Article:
By The Wyoming LLC Attorney TeamJan 01, 2019
Explore the process of probate, its drawbacks, and possible alternatives. Learn about alternatives, such as Trusts, to avoid formal probate procedures and associated expenses. Consult a qualified Wyoming attorney for personalized guidance.
"Probate" is a legal term referring to the court-supervised process of transferring property from the deceased to the living. Wyoming usually requires probate when an estate’s assets exceed a certain dollar value.
View our articles on "How Does Probate Work"?
Everybody knows what a Will is, but personal representatives and fiduciary duties are less commonly known. Since probate and estate planning pull from a legal lexicon all their own we have compiled a glossary of basic terms here to serve as a road map. From "Elective Sharing" to "Tenancy by the Entirety" we hope to provide you with some insight into the probate process. Once you have a good understanding of these terms, you can delve deeper into the probate process and consider alternatives if you find that the process doesn't align well with your situation.
Property held in a person's sole name will generally be transferred to his or her heirs according to the Wyoming Probate Code, which can be found in Title 2 of the Wyoming Statutes; however, the estate must first satisfy the individual's final debts, expenses, and tax liabilities. Certain interests fall outside the probate process, such as jointly titled assets.
The Wyoming Probate Code is somewhat old and has not been thoroughly updated to take advantage of many of the innovations introduced by the Uniform Probate Code. Possible disadvantages of formal probate for estates in Wyoming include:
Significant expense: In addition to filing fees, the Wyoming Probate Code provides a fee schedule that entitles PRs and attorneys to fees based on the value of the assets in the estate.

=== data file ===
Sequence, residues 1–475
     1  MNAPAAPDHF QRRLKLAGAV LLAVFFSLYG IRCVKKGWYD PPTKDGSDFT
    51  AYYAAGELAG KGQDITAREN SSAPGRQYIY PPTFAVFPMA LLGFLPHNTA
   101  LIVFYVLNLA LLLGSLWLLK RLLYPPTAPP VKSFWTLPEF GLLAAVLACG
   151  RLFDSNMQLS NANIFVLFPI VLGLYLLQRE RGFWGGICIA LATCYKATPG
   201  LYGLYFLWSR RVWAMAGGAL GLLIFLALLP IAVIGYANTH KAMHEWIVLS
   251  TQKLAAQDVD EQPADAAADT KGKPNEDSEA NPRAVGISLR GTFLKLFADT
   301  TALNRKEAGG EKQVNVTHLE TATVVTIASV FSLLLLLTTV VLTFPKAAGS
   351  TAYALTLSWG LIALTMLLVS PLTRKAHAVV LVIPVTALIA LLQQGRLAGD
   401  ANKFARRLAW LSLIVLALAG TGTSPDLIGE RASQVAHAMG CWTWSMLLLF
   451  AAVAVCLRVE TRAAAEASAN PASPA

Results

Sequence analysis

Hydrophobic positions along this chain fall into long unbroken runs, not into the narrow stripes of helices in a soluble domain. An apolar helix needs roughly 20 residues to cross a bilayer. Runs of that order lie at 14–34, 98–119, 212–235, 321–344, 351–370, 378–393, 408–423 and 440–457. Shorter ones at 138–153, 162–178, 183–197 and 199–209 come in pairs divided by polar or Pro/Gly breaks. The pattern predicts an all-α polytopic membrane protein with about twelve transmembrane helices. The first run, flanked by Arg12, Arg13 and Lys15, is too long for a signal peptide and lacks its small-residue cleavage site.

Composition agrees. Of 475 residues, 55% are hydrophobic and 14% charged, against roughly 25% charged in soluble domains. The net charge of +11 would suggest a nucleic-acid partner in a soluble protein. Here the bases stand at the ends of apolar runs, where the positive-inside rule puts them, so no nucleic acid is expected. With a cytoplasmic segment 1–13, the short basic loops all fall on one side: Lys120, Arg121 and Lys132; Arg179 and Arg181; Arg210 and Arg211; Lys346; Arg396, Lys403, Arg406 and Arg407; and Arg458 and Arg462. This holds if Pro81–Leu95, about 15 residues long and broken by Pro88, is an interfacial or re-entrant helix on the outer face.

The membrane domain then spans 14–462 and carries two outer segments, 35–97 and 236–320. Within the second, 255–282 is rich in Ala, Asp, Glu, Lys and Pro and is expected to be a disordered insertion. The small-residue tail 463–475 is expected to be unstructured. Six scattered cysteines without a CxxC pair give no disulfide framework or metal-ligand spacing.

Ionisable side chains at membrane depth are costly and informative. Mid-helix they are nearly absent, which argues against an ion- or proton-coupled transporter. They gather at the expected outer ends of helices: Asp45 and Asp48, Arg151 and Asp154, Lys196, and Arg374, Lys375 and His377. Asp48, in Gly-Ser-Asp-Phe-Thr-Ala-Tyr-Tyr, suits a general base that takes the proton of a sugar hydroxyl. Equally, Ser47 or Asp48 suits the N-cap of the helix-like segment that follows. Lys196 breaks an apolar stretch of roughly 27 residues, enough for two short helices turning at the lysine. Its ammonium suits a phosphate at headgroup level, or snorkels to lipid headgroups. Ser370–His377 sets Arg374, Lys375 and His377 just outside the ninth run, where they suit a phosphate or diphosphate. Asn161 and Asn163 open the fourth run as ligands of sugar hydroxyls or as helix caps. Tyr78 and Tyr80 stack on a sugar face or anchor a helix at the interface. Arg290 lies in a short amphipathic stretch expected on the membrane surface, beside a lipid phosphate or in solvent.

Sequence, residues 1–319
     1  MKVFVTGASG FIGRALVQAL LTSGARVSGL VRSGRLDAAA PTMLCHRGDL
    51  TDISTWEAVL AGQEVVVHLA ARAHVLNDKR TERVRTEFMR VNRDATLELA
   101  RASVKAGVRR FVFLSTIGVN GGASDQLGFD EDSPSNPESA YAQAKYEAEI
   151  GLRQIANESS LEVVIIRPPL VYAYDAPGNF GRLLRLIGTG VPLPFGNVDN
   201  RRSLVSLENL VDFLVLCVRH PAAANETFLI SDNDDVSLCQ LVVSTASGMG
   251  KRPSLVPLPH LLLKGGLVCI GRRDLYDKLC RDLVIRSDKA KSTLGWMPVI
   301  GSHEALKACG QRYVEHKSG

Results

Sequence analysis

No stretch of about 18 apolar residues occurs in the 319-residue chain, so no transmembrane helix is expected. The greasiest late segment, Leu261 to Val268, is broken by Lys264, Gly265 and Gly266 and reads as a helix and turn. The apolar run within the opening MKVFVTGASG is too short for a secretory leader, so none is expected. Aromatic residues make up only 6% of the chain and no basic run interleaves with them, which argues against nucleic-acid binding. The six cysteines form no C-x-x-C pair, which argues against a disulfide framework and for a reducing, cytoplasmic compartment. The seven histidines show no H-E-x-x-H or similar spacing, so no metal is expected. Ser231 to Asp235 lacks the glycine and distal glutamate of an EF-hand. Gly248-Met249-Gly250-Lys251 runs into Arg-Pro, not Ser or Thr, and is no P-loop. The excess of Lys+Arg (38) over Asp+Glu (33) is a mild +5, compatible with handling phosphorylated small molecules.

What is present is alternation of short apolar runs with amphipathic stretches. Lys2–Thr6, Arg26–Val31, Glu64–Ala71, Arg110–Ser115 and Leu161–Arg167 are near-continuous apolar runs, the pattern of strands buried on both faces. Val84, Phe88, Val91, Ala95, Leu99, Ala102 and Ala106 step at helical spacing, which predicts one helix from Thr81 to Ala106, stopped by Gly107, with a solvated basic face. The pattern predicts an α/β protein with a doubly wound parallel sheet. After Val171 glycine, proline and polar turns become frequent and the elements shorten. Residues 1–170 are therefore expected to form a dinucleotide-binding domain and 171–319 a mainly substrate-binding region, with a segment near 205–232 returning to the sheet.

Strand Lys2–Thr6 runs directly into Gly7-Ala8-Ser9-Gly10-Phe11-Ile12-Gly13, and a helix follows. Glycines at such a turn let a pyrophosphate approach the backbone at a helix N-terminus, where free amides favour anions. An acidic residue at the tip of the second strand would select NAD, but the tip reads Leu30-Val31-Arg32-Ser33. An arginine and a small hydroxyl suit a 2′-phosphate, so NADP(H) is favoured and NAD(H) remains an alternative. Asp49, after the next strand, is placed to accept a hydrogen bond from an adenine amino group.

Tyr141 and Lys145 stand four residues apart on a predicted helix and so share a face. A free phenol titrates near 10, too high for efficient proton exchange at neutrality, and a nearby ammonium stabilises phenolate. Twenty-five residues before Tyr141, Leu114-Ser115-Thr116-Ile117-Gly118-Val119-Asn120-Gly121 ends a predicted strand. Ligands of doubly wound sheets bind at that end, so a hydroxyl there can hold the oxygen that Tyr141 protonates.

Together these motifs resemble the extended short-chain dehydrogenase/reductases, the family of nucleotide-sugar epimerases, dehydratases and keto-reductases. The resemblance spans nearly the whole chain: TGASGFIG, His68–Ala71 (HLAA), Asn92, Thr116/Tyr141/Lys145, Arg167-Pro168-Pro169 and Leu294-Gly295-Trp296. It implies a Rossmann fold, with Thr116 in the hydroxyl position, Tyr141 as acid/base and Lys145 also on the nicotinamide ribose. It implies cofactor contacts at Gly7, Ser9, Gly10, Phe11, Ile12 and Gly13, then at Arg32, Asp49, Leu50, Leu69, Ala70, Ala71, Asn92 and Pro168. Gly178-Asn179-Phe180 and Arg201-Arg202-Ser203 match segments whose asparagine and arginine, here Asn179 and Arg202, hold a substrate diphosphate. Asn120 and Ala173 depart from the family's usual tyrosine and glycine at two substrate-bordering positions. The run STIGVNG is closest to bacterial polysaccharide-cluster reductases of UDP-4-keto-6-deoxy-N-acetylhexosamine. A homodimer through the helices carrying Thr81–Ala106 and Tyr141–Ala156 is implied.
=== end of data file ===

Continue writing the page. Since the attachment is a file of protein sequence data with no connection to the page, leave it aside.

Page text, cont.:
No privacy: Unless a court seals filings for good cause, probate proceedings are public records, potentially subjecting a family's private dealings to public scrutiny.
Delays and interference:The probate process can take considerably longer than simpler forms of post-death administration and can be slowed by the process of mandatory court supervision.
While the Wyoming Probate Code allows for temporary administration and allowances for the decedent's surviving spouse and minor children, Trust administration is generally faster than probate. Some people mistakenly believe that a Will is sufficient to avoid probate. While a Will can give testators a great deal of control over how their estate is administered and distributed after death, it does nothing to avoid probate. A Trust, however, will avoid probate. There are a few other ways to avoid probate. For example, a transfer of membership transfer testament can help a Limited Liability Company avoid probate and a beneficiary designation on an IRA or 401k will also allow those assets to avoid probate.
If a full probate is needed, the person designated as PR (or who may be appointed PR in the absence of a designation), may expect to go through the following steps:
Trusts, a variety of property forms, e.g. Joint Tenancy, POD/TOD accounts, and other structures can be constructed to avoid formal probate. These structures are often sought out by those seeking additional privacy so as to keep family matters from the public's eye. These arrangements also provide an avenue that avoids the unnecessary procedures and expenses associated with formal probate. These arrangements are not limited to residents of Wyoming. Note, that you can avoid probate via a Wyoming Trust.
Probate is usually necessary in Wyoming to transfer assets held by a decedent in his or her sole name at death worth more than a certain value, ($200,000 at the time of writing). Probate includes a variety of mandatory deadlines, notices, reports, and requirements, which can be confusing for someone not familiar with Wyoming's patchwork quilt approach using an antiquated probate code.
It is recommended to consult with a qualified Wyoming attorney. This article is for information purposes only. It does not constitute legal advice. You should not act or rely on this article without seeking the advice of a probate attorney.